READ: I’m pretty much debt – free and I’m only 29 years old!
Can I trade for a living and stop my day job?
Well, let me throw that right back at you…
Can you afford to stop your day job?
You have R15,000 to pay for your mortgage, R10,000 worth of living expenses and a couple of extra thousands you have to pay for entertainment.
Say you have R100,000 in your trading account with the expectation you’ll make a decent 3% a month on your money.
This equates to R3,000. Which barely covers your entertainment expenses.
And even if you had some other money saved up, when you hit a rough patch with trading, where you take a couple of consecutive losing trades in a row, a couple of things can go horribly wrong.
~ You will depend on trading for a living which you’ll find to be extremely emotional
~ Because you’ll get your emotions involved, you’ll deviate away from your trading strategy as you think you’ll know better
` Your life savings and income will deplete faster than you you’re making money
The trick to making an income with trading is being able to re-invest the money to grow it at a consistent pace.
This means, you should seldom take money out of your trading account.
Or else how can it grow into that sizeable wealth you were expecting?
If you withdraw money every month from your trading account, this will slow your process down to making a sustainable income for a living.
So what do you do instead?
~ Keep your day job
~ See trading as a 2nd or 3rd form of income for retirement
~ Only trade with money you don’t need to withdraw any time soon
Recommended: The very next SMS you receive could make you R2,308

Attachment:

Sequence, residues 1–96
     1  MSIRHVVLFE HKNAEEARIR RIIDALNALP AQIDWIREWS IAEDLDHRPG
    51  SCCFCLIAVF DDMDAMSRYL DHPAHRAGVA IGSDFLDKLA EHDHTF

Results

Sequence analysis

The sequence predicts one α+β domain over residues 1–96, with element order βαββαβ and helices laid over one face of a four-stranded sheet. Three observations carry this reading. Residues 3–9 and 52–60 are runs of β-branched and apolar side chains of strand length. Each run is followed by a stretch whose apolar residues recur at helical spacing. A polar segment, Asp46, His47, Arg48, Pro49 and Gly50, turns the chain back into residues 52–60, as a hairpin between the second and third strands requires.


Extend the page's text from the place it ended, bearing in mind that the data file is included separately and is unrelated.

Should I listen to opinions from others when I trade?
This is another common yet lethal question that could lead you to a portfolio downfall.
When a trade lines up you’ll find traders seeking confirmation on whether they made the right choice or not.
They’ll turn on the TV and watch Bloomberg, CNBC or even Business Day, to see what the market sentiment is like.
They’ll phone their friends to ask them their opinions on the market’s they just got into.
And they’ll Google the companies to research any strong prospects that can support their decisions.
You might think that more opinions will help with your financial decisions, but this couldn’t be further from the truth.
The truth is, all the help you need with your trading decisions all lie in your strategy.
If you’re a technical analyst, then you’ll solely depend on the charts and the trading parameters you’ll need to make a decision.
If you’re a fundamental analyst, then you’ll look at the market information, ratio analysis and quantitative information.
Whatever your strategy is based on, make sure you have a decent amount of back tested and proven tested results.
Avoid the hyped media, the opinionated average joe, and anything else that has nothing to do with your trading strategy.
All the research you need are the back tested strategies you’ve worked on in time. Or trading strategies that others have been open to share with you…
Should I take more trades which will mean more profits?
There is an enormous variety of financial markets you can trade nowadays.
Thousands of stocks, hundreds currencies, indices and many commodities.
So you’d imagine that if you take as many trades as possible, you’ll make more money.
But remember, the markets are unpredictable.
And there is more uncertainty and unexpected moves with these markets.
Sometimes you’ll see a small cap penny share down 50%, a currency pair down 2000 pips and a commodity like oil which goes nowhere slowly.
These are the kinds of moves that can wipe out your account.
And second, you only have a limited amount of money you can trade.
Whether you have a R1,000 portfolio or R1,000,000 portfolio, it is not enough to try and trade every market.
My rule with a portfolio account is…
Never have more than five trades opened at any one time.
The reason is because I only risk 2% of my portfolio with any one trade.
And I never want to expose my portfolio to more than 10% potential loss at a time.
Anything can happen in the world which can turn my five trades into immediate losses.
So rather, look for high probability trades instead and take a maximum of five trades at a time to avoid losing more than 10% of your portfolio.
The key with trading is longevity and quality rather than quantity.